For anyone interested here’s a very early shadowman demo from 1997, its really basic, has differerent models/ sounds to the game. If you burn it to a disc and run it you get to here the ingame audio, * To start press space on title page * space to jump cursers to move * W – wireframe on/off * H – get lighter * Y – get darker * R – respawn * F6 – free cam on * F5 – Free cam off * esc – to quit
for best results burn it to a CD and run it from there
Attack! was an action game developed by DMA Design (the same software house responsible for Body Harvest and Silicon Valley) that was officially announced in april 1999. It was described as a Spiritual successor to Lemmings and gaming magazine at the time wrote that it was planned for PC, Playstation and N64. Edge saw design sketches littering walls of DMA HQ during a visit. Game was described as “Millwall supporters let loose in Jurassic Park’ and set to feature a range of diminutive dino’s.” It seems, however, that the game was going to be released only for the pc.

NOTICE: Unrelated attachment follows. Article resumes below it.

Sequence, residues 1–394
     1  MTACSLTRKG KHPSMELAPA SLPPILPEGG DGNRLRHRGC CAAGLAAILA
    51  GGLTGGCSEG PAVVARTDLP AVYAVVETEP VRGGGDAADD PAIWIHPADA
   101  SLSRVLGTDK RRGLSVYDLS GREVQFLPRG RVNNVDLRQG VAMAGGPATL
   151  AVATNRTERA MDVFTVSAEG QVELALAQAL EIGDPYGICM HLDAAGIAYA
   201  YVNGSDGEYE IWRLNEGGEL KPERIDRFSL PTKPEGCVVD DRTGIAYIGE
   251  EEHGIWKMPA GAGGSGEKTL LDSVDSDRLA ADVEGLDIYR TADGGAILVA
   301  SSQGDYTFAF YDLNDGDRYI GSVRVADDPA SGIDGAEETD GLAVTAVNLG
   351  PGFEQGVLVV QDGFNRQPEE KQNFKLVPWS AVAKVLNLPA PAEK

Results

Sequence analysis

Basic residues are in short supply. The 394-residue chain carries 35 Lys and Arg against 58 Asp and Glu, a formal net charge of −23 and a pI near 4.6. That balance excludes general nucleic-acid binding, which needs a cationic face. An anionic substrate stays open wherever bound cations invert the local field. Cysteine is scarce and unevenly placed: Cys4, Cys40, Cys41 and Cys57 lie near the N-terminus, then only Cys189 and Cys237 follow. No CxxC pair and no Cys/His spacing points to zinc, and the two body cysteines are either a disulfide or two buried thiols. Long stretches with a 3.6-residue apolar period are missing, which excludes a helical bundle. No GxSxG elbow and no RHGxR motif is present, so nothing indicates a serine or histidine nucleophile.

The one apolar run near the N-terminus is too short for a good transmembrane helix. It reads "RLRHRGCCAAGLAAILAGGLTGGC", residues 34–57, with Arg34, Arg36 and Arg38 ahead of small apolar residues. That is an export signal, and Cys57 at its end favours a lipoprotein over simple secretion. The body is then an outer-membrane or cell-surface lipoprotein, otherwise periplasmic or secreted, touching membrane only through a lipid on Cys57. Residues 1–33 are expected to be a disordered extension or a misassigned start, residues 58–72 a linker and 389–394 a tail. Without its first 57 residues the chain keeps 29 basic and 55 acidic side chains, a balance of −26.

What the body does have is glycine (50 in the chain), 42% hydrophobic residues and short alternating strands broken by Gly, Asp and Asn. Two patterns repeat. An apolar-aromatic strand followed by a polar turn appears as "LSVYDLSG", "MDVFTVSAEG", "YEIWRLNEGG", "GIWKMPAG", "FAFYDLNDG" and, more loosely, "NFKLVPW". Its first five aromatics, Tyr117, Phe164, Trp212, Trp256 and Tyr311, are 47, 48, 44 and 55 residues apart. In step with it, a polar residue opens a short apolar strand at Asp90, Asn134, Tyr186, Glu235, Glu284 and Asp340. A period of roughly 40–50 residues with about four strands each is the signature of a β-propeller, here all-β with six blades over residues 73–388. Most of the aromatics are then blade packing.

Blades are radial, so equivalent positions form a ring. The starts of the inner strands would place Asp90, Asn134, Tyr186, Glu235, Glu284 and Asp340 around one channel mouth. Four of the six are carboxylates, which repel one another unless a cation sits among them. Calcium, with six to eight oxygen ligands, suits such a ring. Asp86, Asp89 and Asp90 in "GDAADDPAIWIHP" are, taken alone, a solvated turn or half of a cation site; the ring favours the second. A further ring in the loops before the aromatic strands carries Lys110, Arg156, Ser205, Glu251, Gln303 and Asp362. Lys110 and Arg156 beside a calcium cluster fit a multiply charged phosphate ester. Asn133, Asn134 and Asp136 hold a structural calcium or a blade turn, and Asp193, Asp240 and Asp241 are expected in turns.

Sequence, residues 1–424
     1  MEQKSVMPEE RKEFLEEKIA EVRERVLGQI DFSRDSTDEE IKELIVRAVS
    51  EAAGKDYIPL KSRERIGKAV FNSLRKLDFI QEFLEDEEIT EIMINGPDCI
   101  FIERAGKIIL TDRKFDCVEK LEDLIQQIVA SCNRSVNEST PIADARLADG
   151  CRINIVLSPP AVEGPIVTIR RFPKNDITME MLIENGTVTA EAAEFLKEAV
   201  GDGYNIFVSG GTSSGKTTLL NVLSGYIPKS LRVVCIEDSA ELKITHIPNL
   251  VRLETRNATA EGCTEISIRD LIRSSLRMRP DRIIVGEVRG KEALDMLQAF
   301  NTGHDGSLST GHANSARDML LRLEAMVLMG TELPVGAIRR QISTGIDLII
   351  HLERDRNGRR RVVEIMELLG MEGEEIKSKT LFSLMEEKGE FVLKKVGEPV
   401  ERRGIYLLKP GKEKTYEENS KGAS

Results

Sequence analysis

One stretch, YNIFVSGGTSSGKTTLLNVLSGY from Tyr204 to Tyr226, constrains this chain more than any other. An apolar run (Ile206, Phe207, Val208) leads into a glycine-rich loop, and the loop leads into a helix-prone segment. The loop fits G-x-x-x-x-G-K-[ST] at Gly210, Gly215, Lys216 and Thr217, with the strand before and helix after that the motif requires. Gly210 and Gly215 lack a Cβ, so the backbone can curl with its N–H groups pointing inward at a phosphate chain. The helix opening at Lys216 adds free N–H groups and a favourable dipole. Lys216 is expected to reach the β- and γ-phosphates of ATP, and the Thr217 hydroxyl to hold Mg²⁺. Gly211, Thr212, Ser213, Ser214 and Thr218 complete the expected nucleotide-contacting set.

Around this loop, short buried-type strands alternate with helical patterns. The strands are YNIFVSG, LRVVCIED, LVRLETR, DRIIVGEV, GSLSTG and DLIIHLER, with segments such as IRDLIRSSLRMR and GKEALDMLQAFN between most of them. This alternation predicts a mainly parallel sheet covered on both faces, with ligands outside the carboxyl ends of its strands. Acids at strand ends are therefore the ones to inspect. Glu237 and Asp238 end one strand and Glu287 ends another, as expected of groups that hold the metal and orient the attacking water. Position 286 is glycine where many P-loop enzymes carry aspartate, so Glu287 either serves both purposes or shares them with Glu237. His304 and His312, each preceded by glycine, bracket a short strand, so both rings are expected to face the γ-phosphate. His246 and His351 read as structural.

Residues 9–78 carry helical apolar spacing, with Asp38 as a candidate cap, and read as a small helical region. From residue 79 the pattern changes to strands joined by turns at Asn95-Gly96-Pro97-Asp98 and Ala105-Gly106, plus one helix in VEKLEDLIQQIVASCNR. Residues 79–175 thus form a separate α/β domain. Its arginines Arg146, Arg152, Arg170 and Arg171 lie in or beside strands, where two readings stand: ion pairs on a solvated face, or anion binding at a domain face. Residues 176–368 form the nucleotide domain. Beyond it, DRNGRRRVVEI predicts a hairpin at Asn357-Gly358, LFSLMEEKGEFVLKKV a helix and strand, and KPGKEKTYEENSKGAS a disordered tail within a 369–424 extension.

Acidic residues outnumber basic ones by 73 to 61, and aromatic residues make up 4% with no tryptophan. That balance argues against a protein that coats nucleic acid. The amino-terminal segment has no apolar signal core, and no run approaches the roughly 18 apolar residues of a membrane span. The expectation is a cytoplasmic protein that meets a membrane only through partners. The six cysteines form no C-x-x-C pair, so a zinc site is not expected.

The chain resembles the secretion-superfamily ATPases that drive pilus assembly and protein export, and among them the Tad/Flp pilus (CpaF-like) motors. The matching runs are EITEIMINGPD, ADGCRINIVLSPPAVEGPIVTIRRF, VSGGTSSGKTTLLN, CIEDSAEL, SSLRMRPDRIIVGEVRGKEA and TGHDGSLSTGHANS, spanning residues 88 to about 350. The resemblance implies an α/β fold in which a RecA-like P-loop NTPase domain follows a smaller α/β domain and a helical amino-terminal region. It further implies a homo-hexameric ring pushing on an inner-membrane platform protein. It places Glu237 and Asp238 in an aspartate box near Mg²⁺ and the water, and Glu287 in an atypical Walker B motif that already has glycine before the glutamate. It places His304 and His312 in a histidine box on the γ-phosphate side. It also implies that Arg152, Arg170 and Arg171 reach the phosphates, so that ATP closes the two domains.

Mike Dailly that worked at DMA, wrote:
“Well, Attack was never for the N64, it was a PC only (at the time) title and was canned well before other ports were started or even considered.”
There is virtually no information about it, and the only images that we have are some artworks. Judging from these few pics that we managed to recover, Attack was set in the prehistory, and the protagonist was going to be a caveman. According to some rumors, the main character was able to tame the various creatures and use them to advance in the game. The project was potentially very interesting: the titles that DMA developed for the nintendo 64 had many innovative features that were later used as the foundations for some successiful titles. In the autumn of 1999, DMA Design was acquired by Rockstar and renamed Rockstar North, the team that two years later created GTA III.
[English translation by yota]
Thanks a lot to Gilgalegrouik for some of these images and to Ross Sillifant for the contribution!